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What Can the Birds Tell Us?
Climate change, habitat loss, pesticides, feral cats, light pollution--these are all obstacles to our birds that move between hemispheres. If they could talk, they could tell us why they’ve chosen to live in Sausal Creek, what they like to feed on, and how our restoration efforts have helped them. Since they can’t, our intrepid team of amateur ornithologists has been tracking them for over 16 years. Currently the team meets every quarter to monitor nine sites in the watershed. They count and identify the birds they see and hear, chart the data, and send it to the Cornell Lab of Ornithology for archiving. The team has logged over 150 species living in or migrating though the watershed since 2002.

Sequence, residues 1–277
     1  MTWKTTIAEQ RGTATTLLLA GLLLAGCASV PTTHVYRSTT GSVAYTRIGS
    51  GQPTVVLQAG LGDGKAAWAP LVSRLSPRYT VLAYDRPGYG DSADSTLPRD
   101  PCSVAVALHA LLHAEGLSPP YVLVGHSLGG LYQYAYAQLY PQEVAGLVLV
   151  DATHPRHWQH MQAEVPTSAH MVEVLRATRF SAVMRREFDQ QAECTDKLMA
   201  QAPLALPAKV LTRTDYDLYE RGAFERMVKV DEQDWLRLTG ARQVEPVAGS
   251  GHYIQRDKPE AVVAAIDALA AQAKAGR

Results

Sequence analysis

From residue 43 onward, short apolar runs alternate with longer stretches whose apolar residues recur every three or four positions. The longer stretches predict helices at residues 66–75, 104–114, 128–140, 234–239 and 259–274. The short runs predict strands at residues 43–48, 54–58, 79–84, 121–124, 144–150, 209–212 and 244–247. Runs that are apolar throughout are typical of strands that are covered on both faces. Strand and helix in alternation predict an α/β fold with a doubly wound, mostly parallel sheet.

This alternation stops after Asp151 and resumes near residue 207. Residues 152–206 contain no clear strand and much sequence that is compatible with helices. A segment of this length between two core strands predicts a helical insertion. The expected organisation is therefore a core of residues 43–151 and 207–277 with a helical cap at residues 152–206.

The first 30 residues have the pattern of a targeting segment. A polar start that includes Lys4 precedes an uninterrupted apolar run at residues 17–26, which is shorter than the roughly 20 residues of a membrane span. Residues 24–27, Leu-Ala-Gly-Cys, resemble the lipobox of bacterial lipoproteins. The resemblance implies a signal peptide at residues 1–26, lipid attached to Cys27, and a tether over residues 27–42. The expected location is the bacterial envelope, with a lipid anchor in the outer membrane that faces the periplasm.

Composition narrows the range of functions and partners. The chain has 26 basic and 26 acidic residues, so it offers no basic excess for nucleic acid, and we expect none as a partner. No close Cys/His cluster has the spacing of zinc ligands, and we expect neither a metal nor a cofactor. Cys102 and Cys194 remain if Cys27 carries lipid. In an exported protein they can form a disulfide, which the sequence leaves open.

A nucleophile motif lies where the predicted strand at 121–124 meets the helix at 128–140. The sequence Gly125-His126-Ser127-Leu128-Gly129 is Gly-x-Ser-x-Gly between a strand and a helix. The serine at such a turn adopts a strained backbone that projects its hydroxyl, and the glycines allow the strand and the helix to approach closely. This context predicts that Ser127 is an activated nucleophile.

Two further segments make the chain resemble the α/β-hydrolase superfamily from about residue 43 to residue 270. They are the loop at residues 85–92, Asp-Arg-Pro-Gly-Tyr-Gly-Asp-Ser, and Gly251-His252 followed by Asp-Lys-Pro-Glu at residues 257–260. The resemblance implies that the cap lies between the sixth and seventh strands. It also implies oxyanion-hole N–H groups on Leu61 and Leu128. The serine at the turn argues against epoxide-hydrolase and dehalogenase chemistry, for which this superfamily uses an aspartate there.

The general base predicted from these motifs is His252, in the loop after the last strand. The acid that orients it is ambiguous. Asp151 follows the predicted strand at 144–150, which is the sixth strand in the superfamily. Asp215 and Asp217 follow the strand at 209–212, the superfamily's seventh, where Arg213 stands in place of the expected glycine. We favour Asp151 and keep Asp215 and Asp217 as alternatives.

Team members have generated a bird checklist for community education purposes and have now begun to analyze the data to eventually draw conclusions about the impacts of our restoration efforts, urbanization, and climate change. In other words, our owls, robins, falcons, hawks, and sparrows are our canaries in the coal mine. “But we need at least 10 more years of data to really be able to draw scientific conclusions,” says biologist and founding board member Mark Rauzon, who began and leads the bird monitoring program. “So the data analysis effort is really just beginning.”
We need your donations to support and expand the bird data analysis. Please be as generous as you can. And to join the bird monitoring team, contact Mark Rauzon at mjrauz [at] aol.com or check the event calendar.